Archive | Featured

Sediment runoff enters Pelekāne Bay following a wildfire and flash flooding in 2015. Overgrazing by feral ungulates and cattle are the most significant contributors to erosion, which can be exacerbated by heavy rainfall and wildfires. Photo courtesy Andrew Richard Hara.

Efforts underway to improve Pelekāne Bay water quality

The primary purpose of the project is to protect and improve the quality of water resources and reduce pollution flowing into Pelekāne Bay

Read the full story

Posted in Environment, Featured0 Comments

The causes of Rapid Ohia Death. USGS image

Keeping hooved animals out of Ohia forests reduces the spread of Rapid Ohia Death

Rapid ʻŌhiʻa Death, or ROD for short, enters trees through wounds to its bark.

Read the full story

Posted in Agriculture, Education, Environment, Featured, News, Ranching0 Comments

Senator Mazie K. Hirono questions Interior Secretary Nominee David Bernhardt about the future home of Hawaiian Volcano Observatory.

Senator Hirono questions decision to relocate Hawaiian Volcano Observatory to Oahu

Moving Hawaiian Volcano Observatory to Oahu “Doesn’t Seem to Make a Lot of Sense”

Read the full story

Posted in Featured, Government, News, Sci-Tech, Volcano3 Comments

This image is from a temporary monitoring camera on the west rim of Kilauea Caldera. The camera is looking East towards the bottom of the newly enlarged Halemaʻumaʻu crater, although the deepest part of the crater is not visible from this vantage point. The crater from left to right (roughly NNE to SSW) is approximately 1 km (0.6 mi) across. The depth of the crater in the visible image from the rim is several hundred meters. Image courtesy of USGS/HVO Webcam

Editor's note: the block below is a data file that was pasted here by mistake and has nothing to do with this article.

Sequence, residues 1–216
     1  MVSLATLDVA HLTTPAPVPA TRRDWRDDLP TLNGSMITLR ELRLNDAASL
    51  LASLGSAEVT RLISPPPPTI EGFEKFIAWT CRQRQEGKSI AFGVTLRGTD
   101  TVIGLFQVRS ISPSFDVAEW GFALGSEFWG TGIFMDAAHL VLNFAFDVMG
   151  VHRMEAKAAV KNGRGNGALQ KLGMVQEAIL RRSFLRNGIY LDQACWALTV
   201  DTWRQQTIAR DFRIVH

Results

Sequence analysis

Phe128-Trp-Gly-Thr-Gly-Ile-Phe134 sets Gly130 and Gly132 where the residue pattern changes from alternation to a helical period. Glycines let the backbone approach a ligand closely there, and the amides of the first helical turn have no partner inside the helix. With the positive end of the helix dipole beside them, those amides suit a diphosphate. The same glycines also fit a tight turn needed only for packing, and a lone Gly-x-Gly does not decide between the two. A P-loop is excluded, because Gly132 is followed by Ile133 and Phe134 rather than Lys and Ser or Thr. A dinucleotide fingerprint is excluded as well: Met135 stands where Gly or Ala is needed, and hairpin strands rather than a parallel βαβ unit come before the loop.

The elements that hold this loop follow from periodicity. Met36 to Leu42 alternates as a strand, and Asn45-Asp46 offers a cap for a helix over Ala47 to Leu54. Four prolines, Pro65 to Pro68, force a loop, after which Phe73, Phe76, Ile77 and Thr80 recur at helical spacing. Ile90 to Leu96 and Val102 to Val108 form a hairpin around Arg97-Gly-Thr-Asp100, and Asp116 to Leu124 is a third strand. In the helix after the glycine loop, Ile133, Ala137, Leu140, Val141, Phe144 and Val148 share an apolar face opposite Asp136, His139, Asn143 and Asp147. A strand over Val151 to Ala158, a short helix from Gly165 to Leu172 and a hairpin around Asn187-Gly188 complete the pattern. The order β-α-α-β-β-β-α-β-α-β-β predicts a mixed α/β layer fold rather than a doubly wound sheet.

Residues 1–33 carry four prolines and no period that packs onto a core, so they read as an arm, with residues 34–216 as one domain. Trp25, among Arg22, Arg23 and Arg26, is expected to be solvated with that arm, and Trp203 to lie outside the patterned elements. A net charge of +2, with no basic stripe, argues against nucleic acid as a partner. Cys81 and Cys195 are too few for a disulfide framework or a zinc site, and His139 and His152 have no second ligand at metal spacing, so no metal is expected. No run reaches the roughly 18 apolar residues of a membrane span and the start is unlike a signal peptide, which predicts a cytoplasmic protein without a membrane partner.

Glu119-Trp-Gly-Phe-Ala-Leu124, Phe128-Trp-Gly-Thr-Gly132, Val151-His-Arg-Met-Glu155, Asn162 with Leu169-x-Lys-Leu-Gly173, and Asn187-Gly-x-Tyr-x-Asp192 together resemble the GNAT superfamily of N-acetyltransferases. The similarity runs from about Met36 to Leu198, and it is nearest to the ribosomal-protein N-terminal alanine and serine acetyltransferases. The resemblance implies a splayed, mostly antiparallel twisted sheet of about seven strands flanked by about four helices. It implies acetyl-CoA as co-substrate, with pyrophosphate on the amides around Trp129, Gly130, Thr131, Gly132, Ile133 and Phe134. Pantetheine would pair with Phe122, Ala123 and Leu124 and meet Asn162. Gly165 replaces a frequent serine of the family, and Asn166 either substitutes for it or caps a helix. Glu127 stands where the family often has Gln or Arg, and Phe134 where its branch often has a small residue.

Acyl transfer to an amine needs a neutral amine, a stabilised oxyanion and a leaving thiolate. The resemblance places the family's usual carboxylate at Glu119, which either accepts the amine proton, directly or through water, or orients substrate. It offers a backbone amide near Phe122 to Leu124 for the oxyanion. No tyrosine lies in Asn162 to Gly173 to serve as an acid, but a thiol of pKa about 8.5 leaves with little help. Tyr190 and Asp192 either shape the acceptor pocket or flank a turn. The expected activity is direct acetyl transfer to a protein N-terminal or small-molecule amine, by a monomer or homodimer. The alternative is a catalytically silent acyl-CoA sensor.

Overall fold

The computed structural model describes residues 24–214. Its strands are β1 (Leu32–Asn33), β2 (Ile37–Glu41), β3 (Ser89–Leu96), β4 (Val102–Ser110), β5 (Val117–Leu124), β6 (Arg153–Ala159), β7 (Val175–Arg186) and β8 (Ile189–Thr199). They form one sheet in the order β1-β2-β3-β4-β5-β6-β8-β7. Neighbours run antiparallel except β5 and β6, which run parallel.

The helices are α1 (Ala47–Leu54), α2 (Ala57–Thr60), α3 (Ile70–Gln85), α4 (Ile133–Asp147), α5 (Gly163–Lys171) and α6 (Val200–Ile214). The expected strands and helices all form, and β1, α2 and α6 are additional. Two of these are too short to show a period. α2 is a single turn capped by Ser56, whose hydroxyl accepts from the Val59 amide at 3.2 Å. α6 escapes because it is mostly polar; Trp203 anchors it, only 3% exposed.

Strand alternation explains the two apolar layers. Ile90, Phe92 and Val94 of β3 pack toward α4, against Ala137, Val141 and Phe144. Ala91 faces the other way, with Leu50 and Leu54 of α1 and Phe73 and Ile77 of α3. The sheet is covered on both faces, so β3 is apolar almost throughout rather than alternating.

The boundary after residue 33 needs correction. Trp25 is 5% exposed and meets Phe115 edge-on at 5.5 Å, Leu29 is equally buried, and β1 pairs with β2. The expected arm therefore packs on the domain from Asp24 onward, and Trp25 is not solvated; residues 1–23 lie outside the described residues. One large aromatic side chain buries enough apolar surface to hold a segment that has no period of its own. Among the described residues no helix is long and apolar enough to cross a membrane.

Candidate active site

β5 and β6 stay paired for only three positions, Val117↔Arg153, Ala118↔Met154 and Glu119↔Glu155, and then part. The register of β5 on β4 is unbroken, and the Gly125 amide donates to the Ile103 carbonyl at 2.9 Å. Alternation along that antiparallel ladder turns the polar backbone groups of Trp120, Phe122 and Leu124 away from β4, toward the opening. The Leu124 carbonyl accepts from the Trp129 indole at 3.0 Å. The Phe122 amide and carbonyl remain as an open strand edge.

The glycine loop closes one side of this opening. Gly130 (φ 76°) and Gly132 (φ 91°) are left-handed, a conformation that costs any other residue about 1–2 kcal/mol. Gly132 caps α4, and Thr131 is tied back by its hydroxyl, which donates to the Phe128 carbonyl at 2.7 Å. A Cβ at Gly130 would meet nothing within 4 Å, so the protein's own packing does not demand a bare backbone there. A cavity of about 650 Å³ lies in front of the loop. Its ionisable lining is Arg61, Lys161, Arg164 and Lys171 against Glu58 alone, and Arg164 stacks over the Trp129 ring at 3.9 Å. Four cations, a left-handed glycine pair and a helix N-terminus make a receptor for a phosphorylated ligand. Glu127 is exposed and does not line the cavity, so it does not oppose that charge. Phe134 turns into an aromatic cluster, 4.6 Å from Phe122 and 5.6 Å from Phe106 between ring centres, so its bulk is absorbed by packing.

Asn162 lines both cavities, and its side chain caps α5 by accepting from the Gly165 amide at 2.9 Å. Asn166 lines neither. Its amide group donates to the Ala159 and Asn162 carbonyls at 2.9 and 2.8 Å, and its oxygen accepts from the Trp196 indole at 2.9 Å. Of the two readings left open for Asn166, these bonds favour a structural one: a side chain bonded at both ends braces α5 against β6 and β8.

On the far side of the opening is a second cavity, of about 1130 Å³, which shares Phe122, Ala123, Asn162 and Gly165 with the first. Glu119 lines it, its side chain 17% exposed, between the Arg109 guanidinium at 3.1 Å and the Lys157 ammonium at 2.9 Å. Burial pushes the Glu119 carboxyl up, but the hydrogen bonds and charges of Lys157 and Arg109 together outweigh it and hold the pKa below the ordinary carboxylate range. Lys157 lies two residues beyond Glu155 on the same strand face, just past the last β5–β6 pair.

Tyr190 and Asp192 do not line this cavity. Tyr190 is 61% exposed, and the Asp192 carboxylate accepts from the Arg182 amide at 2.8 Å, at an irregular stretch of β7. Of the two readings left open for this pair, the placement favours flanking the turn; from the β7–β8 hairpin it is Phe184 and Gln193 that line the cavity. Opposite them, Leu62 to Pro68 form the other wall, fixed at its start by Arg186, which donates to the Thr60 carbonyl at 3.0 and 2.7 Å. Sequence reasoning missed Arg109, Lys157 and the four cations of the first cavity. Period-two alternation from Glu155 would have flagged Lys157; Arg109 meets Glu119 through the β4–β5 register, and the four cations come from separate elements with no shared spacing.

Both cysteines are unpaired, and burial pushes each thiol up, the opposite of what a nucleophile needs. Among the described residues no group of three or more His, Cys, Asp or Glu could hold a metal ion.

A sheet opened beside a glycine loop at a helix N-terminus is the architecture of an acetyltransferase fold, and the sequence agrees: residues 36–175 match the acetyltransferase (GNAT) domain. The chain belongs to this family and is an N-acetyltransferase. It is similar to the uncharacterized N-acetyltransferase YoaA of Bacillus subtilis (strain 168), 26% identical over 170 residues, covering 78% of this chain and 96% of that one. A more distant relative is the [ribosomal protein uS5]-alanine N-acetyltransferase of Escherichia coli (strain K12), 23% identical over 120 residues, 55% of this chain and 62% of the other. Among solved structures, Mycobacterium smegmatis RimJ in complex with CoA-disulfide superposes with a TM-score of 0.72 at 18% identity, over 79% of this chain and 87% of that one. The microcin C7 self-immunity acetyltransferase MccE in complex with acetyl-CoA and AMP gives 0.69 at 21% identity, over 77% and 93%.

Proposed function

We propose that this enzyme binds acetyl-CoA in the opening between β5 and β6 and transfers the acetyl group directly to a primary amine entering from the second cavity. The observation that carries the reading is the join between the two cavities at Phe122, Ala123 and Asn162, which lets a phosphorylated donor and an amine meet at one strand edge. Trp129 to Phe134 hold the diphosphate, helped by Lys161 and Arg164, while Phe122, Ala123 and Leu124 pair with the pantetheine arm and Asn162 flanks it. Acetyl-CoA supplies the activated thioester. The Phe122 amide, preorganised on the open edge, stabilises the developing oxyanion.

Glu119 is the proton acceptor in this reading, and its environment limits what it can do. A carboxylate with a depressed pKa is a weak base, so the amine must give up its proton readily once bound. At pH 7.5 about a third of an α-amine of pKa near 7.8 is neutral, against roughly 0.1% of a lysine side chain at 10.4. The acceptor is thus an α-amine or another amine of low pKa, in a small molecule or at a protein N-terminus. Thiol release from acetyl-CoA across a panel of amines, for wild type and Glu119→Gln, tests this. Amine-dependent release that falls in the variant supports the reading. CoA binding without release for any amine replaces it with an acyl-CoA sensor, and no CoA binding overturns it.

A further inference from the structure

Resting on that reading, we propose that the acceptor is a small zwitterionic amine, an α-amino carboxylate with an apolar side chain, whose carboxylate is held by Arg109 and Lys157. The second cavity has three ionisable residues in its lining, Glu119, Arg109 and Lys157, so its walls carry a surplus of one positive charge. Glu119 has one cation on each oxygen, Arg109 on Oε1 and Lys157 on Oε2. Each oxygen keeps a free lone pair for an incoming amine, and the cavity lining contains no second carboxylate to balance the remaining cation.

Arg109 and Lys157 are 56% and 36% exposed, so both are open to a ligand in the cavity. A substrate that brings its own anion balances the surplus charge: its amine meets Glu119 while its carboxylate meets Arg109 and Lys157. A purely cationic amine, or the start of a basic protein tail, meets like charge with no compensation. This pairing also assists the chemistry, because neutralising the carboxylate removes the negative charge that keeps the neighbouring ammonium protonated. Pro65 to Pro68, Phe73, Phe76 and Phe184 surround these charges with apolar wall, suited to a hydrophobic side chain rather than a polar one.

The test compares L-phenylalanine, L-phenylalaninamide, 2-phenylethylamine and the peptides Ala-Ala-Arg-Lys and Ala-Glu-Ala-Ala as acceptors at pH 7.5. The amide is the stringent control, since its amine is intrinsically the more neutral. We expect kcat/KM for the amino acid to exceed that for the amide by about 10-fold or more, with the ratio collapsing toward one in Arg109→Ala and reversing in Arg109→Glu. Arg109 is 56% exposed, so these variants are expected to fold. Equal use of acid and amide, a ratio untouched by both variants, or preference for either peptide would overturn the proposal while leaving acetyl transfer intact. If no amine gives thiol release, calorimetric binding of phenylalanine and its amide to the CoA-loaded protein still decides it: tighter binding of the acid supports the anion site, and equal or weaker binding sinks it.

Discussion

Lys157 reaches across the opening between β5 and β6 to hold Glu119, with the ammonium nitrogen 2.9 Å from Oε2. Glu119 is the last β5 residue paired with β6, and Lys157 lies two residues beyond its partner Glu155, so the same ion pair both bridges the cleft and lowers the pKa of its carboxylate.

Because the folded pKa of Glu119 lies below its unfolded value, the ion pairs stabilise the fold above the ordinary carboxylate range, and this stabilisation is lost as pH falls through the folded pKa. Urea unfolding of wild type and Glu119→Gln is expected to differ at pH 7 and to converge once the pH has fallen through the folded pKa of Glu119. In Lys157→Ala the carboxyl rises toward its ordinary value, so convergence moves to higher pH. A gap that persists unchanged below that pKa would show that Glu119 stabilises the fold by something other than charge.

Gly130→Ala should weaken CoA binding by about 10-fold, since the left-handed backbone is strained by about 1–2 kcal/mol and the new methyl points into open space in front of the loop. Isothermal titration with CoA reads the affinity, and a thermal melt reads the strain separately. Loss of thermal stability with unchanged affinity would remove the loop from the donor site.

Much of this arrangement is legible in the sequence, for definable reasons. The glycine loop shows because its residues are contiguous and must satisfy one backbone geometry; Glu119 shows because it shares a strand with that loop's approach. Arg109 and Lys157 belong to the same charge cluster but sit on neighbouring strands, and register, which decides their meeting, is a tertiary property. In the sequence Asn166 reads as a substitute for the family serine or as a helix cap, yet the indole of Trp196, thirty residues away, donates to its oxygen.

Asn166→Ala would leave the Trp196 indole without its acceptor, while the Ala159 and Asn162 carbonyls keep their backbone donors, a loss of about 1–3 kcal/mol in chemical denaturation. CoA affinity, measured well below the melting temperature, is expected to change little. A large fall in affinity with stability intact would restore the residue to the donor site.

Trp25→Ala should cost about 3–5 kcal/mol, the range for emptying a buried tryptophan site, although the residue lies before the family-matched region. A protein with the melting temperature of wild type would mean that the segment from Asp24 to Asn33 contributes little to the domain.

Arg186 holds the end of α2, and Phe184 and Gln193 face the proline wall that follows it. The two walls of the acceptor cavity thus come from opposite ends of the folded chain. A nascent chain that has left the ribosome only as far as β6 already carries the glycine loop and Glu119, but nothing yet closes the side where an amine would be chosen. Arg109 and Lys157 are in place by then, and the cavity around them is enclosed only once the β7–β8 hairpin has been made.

Volcano Watch: Kilauea activity update for March 28, 2019

Kīlauea is not erupting. Rates of seismicity, deformation, and gas release have not changed significantly over the past week.

Read the full story

Posted in Featured, Sci-Tech, Volcano0 Comments

This aerial view of the western part of Kīlauea Volcano’s caldera was taken on August 6, 2018. The down-dropped block is faulted about 120 m (400 feet) below the caldera floor. Many 19th-century lava flows are exposed in the fault scarps. Halema‘uma‘u (not visible) is to the left of this photo. USGS photo by D.Swanson.